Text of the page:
Mr Joyce and Dr Hydes: Irish selves and doubles in 'The Dead'

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The article looks at Joyce's work around 1907 to explore his developing sense of 'self ' ' both his own identity as artist and Irishman, and the question of personal and ethnic identity in general. The name Hyde, belonging to the prominent Irish nationalist Douglas Hyde as well as Dr Jekyll's famous monstrous double, opens a Joycean link between questions of Irishness and of selfhood, extending to a double reading of Stevenson's The Strange Case of Dr Jekyll and Mr Hyde and Joyce's 1907 story 'The Dead'. The figures of Dr Jekyll and Mr Hyde, I argue, embody a set of contrasting ethnic and psychical characteristics which Joyce re-inscribes in 'The Dead' as a way of treating Irish, artistic and individual identities. What becomes clear from that re-inscription is that the question of being Irish ' at the time being energetically reduced to a non-negotiable legibility ' could only be posed for the young Joyce in terms of the full complexity of being oneself, in other words, crucially, of not being one self.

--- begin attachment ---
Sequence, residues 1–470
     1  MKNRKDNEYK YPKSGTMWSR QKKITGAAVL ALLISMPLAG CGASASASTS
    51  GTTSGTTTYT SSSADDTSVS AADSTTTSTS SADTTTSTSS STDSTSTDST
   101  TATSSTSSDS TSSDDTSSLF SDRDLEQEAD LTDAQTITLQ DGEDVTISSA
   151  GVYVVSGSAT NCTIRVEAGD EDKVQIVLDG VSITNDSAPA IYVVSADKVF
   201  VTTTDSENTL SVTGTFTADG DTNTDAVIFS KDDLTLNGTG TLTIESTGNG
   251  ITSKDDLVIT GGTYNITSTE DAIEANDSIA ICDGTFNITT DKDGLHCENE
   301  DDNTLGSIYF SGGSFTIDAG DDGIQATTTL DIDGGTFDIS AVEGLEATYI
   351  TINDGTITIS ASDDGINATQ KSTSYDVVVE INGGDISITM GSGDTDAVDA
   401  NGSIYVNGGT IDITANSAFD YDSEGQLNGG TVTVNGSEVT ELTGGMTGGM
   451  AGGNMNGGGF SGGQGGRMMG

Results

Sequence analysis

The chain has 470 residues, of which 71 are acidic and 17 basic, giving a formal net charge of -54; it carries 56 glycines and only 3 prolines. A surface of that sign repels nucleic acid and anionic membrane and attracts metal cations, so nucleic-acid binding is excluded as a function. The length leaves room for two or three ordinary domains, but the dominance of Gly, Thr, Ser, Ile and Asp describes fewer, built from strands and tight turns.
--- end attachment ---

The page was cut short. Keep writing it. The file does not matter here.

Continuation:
Original languageEnglish
Pages (from-to)453-468
Number of pages16
JournalTextual Practice
Issue number3
Publication statusPublished - 01 Sept 2008


  • Irish identity
  • Multiple personality
  • Politics of language
  • Self
  • Voice


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